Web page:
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G Floyd

Is First Ride of 2003 An Omen?

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G Floyd

I did the 55th Annual (Minnesota) I-Cycle Derby on New Years Day.

 

A new experience for me. Turned out to be a great day for riding, as there was no snow and temp got up to high 20°’s or maybe even low 30°’s.

 

Had difficulty getting underway, as I could not squeeze the RT out of the garage, around the other vehicles. Then it occurred to me that number-one son had last driven the van, and did not know that he needed to hug the far side of garage. Then, key would not turn in the ignition. Hairdryer remedied that. Interesting that I had gone for two rides since the last washing (of the bike that is), but it still was iced-up. And when I washed it, I even used the leaf blower to help dry it (and force the water out of the oil cooler).

 

When I finally arrived at the staging area, I was struck by the diversity of all the bikes.

Present were BMWs, Harleys , many Japanese makes, a URAL w/side-car, and a little blue Vespa with a large storage compartment on the back that was shaped and wrapped like a Christmas present.

 

At the event start we were given route sheets with timed checkpoints. Average speed for the morning leg was to be 24 mph. We were sent off on 1-minute intervals. I was #22, right after the Vespa. Hmmm, I had a feeling I was going to get spanked by the Vespa at this competition. redface.gif

 

 

Anyone familiar with Minneapolis knows that it is the “City Of Lakes”. The morning route had us riding on many a Lake “Parkway”. And then somrtines turning only after one block or two of each road. I once counted that we were turning left six times in a row! I started to grow uneasy at the thought of showing up at a checkpoint too early (by taking the completely wrong route).

 

Part of the afternoon leg took us unto a couple of the freeways. Average speed to shoot for: 40 mph. This is where that Vespa was going to have to ride like a Hoon. Nerve racking for me though, as the cars flew by at 75, probably wondering what was wrong with that large motorcycle that was going so slow.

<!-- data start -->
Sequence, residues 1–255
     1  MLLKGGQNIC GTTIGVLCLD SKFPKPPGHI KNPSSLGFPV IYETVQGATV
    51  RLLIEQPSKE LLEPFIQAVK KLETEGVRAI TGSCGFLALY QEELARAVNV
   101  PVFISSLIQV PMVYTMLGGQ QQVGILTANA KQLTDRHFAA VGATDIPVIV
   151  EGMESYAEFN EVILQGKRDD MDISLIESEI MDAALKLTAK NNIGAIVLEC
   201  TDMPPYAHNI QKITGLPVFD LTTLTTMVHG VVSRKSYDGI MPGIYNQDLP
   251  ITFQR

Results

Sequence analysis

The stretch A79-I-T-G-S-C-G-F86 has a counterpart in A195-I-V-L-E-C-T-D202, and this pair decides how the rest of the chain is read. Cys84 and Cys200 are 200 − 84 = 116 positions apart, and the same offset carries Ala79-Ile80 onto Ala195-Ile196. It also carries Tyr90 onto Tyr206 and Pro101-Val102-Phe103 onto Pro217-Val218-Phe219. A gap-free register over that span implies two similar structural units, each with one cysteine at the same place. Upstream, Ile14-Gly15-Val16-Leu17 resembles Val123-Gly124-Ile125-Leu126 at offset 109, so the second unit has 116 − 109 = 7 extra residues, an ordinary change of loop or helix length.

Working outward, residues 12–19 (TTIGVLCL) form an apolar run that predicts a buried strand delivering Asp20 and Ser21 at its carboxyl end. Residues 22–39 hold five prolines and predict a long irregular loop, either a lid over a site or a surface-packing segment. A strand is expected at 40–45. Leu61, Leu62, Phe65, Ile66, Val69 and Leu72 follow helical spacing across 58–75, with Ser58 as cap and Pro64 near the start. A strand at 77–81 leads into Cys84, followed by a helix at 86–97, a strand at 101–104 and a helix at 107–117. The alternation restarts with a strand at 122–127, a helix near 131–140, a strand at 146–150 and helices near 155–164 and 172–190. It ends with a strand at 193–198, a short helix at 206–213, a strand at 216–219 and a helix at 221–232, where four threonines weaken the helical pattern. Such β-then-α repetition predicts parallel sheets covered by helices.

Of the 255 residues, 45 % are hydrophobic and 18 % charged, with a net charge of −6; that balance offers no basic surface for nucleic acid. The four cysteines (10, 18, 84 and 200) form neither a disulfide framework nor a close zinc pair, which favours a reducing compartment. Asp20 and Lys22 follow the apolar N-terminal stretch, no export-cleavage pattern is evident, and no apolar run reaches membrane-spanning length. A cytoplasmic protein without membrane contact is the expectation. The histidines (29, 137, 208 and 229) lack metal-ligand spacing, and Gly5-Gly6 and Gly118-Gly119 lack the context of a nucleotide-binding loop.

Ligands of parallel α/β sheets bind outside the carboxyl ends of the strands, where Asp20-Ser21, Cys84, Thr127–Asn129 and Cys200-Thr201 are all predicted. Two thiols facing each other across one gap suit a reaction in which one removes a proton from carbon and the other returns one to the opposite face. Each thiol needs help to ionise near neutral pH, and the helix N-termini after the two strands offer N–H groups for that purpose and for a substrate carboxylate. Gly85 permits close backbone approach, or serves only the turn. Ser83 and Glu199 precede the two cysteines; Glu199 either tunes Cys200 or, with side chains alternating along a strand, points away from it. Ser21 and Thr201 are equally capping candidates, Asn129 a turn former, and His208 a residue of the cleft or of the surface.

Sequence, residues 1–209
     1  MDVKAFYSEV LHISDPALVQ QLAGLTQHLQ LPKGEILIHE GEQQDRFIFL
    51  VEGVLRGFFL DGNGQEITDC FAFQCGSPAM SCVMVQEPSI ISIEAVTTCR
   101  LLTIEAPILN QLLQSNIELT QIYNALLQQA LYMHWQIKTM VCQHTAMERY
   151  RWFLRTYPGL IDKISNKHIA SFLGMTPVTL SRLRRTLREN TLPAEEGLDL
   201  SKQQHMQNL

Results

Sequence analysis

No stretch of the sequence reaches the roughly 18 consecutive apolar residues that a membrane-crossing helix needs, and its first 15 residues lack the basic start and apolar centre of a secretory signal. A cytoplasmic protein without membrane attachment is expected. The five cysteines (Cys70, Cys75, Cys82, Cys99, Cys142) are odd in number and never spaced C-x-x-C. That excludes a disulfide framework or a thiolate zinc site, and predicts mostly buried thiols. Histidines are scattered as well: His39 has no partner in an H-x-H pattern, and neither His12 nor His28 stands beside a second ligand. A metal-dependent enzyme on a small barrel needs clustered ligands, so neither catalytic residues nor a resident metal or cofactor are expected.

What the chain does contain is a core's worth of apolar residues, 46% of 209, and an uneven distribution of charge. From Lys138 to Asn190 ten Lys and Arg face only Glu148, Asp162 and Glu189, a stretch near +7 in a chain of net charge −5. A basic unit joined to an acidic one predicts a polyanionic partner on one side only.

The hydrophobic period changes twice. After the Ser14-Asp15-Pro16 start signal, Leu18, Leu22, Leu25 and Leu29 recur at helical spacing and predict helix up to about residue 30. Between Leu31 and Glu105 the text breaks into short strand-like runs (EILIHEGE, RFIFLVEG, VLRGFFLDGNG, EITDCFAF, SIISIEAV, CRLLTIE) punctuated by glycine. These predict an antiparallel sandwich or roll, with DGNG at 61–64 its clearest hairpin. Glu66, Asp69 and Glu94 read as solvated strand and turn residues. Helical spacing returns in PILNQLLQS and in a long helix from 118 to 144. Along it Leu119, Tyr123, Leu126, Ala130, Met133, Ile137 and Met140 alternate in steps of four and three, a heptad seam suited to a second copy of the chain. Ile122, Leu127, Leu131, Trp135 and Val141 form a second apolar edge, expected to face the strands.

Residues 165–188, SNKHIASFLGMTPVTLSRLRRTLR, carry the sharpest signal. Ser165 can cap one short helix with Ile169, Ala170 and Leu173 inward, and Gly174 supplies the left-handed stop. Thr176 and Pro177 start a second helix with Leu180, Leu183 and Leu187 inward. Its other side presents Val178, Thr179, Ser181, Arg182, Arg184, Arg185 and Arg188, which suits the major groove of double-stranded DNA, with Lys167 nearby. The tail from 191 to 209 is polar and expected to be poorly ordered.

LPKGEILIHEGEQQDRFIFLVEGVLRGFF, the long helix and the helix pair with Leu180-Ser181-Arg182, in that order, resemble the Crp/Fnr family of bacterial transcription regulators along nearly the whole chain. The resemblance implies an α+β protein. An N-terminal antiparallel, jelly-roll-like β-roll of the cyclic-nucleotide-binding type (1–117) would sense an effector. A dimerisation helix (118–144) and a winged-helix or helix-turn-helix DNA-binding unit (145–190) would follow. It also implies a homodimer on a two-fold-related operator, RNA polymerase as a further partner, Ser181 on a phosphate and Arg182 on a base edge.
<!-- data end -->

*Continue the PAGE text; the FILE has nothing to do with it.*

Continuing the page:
With only a few blocks to the final checkpoint a one-gallon jug of automotive antifreeze (full or empty?) appeared just a few yards ahead of me. In the instant I had to consider it, I elected to roll over it, and not try any evasive maneuver (many cars to my front, rear and in next lane). To my delight, the trusty RT rolled on without a hitch. I was a little surprised at the large bang as the whole contents were expelled into the atmosphere to my left. The cars to my left and rear were really surprised as a green cloud showered their vehicles. Back at the finish, I heard accounts of warnings of engine trouble indicated by the steam coming from the undersides of machines (“…..no, nothing wrong with my bike, it was that %#&$ huge puddle of coolant I rode through, back on Lyndale Avenue”) rolleyes.gif

 

 

After the final return to the staging area, I noticed an unusual looking Honda with Wisconsin plates. It had a large amount of Coke and Sprite stickers or endorsements all over the fairing. I wasn’t the only one who noticed, as the local law enforcement also followed him through the final checkpoint. Upon closer examination it was apparent that the fairing was not a fairing at all, but a series of 12 and 24 pack cardboard soft drink containers that had been carefully “re-engineered” to form a fairing.

 

Well, that was a bout it. I took the long way back home after the event, but still only put on about a hundred miles that day. I was happy it turned out to be a good 12-hour day (on and off the bike).

 

 

 

 

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